mobile finance

5 simple ways to save with a cheaper smartphone plan

5 ways to cut smartphone costs
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5 ways to cut smartphone costs © iStock

5 ways to cut smartphone costs

If you've had the same smartphone plan for the past few years and you're looking for a chance to save money, you have a lot to learn. Phone plans have changed significantly.

Most plan pricing is no longer based primarily on how much you talk or text, but on how much data you use.

Contract plans and subsidized devices are less common, too.

And it's not just our smartphones that use data; our tablets, wearables and other devices do, too.

Here are 5 tips that can help you save money.

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Analyze plans at comparison sites

Analyze plans at comparison sites © iStock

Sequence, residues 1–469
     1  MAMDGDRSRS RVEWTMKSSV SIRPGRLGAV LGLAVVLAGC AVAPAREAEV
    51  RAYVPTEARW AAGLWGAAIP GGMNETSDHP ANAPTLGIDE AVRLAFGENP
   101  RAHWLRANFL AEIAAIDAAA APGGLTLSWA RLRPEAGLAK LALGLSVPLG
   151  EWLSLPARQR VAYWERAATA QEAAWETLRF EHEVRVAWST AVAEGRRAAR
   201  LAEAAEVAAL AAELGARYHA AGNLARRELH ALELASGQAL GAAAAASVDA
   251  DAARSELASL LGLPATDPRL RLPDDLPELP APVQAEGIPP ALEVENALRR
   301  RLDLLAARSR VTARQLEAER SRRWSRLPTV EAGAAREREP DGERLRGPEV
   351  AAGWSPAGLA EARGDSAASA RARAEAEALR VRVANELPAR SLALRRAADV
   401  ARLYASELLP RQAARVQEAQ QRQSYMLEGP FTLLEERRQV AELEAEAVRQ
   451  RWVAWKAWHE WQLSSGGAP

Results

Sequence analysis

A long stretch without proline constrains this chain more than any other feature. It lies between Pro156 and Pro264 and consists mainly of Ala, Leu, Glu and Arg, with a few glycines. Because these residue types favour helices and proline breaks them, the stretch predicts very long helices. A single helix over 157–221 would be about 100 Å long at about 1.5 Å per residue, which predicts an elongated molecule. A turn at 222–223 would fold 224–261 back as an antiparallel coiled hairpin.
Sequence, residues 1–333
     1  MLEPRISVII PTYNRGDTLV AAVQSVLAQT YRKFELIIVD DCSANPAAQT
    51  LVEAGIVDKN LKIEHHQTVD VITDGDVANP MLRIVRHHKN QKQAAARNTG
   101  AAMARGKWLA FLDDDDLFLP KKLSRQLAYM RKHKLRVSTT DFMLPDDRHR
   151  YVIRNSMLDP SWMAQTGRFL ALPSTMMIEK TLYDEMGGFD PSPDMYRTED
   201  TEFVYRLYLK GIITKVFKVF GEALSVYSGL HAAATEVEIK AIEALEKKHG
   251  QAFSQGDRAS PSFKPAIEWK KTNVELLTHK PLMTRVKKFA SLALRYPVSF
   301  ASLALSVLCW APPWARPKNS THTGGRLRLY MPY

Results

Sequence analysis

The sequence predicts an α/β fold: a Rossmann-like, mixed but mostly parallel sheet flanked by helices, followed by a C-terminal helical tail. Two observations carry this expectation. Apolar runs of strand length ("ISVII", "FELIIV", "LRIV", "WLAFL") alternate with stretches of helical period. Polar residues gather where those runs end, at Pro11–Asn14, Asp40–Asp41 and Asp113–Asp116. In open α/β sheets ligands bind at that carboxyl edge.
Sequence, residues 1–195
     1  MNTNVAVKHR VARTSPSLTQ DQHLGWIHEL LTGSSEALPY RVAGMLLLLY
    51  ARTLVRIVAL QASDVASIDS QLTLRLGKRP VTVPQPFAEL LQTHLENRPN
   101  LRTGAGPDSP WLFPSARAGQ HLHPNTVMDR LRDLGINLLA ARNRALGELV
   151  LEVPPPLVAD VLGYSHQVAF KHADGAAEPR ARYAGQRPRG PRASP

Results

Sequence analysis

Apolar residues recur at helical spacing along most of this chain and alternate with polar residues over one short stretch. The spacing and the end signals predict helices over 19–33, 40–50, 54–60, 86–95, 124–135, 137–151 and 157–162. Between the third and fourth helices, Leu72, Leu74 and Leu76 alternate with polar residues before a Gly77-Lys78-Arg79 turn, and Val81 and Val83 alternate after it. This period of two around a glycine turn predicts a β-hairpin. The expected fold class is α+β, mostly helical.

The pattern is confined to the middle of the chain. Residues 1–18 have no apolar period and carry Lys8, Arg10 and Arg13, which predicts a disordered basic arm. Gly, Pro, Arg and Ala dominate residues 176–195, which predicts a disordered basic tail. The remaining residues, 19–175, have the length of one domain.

How do you know if a plan you're considering offers not just a low price, but a good value?

Comparison sites are a good place to start. and ask you to enter the minutes, data and text messages you use in a typical month and how many phone lines you need. A search for single-line plans with unlimited minutes and texts and at least 3GB of data, the amount the typical consumer uses, reveals dozens of options. You can narrow the results by plan type (contract versus prepaid) and carrier and sort by price.

Once you've chosen a carrier, check to see if you qualify for preferred pricing through your employer, school or professional organization, says Andrew Constantine, a Seattle-based technology consultant who advises high-tech and telecom companies for Hitachi Consulting. You'll often be able to get the activation fee waived and a 10% to 25% discount on monthly service, he says.

Know your data needs

Know your data needs © iStock

Most of today's plans are priced for data usage, not for talk or text. What you really need to know when choosing a plan is how much data you're going to use so you don't overspend.